a warm, generous, affectionate, and personal history of LSE (Albion)
t is scrupulously researched, a jungle book of scrumptiously private inside information... - I found LSE compelling reading and often emotionally stirring. (Daily Telegraph)
Lord Dahrendorf's history is worthy of its subject and does justice to a great international institution...very readable volume (Times Higher Education Supplement)
His enthusasm for the institution is obvious in this very enjoyable centenary history, but he is always judicious - for example, in his excellent account of "the troubles" in the mid-60's...It has had its ups and downs and Dahrendorf gives a clear chronological account of them. (Financial Times)
will be of special interest to political scientists ... Dahrendorf well captures the special spirit of LSE ... Particularly for those of us who were at LSE as students or as teachers, this centenary volume will be cherished as a reminder of an institution that commands peculiar loyalties from those associated with it.
There is an impressive quantity of scholarship; a truly vast number of relevant facts amassed. There is no padding; the interesting facts jostle each other, all have a legitimate claim on the available space; (The Times Literary Supplement)
Ralf Dahrendorf strikes gold in his centenary history of the London School of Economics...a compelling story of the building of a 20th-century urban intellectual community. (The Observer)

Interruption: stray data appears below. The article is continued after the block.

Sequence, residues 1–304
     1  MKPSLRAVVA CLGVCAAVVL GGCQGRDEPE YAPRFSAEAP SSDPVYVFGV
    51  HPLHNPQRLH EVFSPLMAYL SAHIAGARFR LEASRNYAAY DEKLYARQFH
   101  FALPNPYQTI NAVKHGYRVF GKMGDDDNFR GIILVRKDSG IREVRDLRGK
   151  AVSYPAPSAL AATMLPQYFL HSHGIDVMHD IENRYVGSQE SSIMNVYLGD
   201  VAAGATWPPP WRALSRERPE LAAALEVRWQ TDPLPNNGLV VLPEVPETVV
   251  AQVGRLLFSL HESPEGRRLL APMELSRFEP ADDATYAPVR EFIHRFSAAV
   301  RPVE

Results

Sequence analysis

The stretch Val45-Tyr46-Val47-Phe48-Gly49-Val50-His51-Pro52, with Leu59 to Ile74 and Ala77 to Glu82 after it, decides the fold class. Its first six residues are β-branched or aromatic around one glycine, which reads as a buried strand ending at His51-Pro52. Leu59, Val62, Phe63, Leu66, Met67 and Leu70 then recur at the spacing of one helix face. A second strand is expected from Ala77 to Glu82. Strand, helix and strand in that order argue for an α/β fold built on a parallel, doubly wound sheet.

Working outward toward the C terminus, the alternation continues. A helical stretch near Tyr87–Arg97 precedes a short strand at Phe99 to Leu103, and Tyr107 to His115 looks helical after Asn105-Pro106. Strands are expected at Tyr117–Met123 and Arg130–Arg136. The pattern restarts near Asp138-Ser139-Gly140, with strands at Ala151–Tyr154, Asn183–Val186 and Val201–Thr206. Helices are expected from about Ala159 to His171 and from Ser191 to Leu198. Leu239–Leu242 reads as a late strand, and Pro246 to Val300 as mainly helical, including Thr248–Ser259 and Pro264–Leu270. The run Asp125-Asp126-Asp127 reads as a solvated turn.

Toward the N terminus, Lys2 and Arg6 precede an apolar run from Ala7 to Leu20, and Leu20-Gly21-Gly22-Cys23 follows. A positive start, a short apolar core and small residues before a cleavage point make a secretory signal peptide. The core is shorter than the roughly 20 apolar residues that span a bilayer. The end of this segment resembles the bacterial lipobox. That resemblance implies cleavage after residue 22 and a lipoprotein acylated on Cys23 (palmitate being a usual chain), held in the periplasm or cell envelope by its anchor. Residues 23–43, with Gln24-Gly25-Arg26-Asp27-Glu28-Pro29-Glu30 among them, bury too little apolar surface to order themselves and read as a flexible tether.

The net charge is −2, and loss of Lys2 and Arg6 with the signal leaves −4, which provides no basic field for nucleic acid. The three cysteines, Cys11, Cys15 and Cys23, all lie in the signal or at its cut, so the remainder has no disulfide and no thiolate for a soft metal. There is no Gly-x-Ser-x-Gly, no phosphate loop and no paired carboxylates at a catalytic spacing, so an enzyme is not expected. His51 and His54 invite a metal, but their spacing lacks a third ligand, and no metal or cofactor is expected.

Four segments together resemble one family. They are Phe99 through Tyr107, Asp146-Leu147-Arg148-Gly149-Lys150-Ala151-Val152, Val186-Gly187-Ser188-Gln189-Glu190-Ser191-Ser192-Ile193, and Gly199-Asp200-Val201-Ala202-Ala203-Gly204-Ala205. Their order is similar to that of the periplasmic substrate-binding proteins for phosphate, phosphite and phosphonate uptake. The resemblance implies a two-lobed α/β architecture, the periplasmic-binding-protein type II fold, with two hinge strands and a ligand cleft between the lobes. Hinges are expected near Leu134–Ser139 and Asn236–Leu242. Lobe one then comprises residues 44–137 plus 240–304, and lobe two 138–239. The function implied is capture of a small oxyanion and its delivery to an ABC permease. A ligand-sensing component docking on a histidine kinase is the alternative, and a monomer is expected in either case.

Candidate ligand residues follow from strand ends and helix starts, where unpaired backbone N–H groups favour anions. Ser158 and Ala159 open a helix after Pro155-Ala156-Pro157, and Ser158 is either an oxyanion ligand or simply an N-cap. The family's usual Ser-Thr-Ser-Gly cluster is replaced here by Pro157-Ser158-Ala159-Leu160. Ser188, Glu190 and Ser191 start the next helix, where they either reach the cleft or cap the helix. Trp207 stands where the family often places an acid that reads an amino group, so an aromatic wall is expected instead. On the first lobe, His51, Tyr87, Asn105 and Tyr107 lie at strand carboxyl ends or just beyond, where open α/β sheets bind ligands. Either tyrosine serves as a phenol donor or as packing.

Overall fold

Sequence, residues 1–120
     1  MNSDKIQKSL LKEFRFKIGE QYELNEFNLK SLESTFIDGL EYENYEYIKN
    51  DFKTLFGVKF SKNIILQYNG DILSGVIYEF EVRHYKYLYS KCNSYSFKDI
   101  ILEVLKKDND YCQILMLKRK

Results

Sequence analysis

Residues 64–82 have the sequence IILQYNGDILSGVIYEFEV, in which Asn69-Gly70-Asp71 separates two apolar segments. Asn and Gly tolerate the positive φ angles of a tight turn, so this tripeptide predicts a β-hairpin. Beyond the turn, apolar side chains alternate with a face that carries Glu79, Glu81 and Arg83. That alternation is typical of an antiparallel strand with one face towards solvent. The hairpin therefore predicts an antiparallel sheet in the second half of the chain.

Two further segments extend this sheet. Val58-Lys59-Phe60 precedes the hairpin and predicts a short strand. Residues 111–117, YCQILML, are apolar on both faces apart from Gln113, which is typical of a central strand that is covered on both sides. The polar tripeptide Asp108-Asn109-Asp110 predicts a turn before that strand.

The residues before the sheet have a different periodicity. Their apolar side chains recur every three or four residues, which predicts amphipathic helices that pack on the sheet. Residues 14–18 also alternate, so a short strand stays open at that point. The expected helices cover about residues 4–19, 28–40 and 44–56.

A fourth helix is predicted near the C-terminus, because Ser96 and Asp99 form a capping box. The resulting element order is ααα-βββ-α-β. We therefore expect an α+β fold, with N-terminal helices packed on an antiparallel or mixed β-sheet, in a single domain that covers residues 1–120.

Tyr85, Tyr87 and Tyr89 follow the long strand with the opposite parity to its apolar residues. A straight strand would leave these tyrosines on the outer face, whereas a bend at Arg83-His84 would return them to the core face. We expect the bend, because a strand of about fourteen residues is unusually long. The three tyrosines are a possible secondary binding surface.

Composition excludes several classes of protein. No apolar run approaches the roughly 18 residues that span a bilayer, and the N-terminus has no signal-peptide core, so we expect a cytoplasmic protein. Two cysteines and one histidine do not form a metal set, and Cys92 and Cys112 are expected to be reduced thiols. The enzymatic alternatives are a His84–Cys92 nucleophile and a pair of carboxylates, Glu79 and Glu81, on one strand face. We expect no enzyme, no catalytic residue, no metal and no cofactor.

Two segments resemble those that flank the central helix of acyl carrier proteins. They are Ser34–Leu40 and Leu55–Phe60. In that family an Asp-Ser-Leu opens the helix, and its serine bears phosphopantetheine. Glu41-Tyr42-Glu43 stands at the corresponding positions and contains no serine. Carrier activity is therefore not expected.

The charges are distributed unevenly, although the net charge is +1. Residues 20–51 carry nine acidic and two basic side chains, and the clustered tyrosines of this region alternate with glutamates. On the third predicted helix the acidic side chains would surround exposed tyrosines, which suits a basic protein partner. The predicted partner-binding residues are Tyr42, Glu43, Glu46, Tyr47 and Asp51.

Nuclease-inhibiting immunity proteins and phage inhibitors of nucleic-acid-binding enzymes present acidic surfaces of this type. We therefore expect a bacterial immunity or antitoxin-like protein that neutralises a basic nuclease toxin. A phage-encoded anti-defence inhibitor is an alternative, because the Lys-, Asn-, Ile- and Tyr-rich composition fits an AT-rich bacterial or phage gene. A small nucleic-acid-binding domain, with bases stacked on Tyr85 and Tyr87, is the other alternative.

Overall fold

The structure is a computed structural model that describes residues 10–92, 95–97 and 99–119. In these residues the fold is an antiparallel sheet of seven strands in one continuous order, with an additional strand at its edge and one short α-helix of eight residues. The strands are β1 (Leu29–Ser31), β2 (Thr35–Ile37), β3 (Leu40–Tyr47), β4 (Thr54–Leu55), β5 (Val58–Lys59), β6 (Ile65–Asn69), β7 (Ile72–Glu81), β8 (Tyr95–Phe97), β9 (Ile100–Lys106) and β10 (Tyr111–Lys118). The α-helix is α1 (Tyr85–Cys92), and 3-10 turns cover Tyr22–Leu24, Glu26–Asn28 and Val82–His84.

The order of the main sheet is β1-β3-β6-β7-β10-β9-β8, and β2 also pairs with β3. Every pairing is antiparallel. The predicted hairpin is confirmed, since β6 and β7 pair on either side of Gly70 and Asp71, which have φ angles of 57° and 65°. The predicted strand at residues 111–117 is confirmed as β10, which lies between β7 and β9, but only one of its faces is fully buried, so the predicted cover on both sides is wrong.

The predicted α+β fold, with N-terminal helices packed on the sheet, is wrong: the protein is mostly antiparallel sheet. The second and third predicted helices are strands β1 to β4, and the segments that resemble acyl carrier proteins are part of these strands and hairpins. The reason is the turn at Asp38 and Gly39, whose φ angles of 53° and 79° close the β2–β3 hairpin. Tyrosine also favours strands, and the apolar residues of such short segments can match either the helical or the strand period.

he epitomises the LSE's internationalism, its prodigious intellectual appetite, its quizzical social democracy, its quest for power through knowledge. He tells an often gripping tale with high intelligence, panache and generosity. (Sunday Telegraph)
the author, having been both student and Director of the School is uniquely qualified to write its history ... There is an impressive quantity of scholarship: A truly vast number of relevant facts amassed. There is no padding; the interesting facts jostle each other, all have a legitimate claim in the available space. (The Hindu)
splendidly readable history of the school (New Statesman and Society)
Ralf Dahrendorf (Lord Dahrendorf) is a former Director of the LSE and now Warden of St Antony's College, Oxford. He is the author of over 40 books, including Class and Conflict in Industrial Society (1959), and The Modern Social Conflict (1988)
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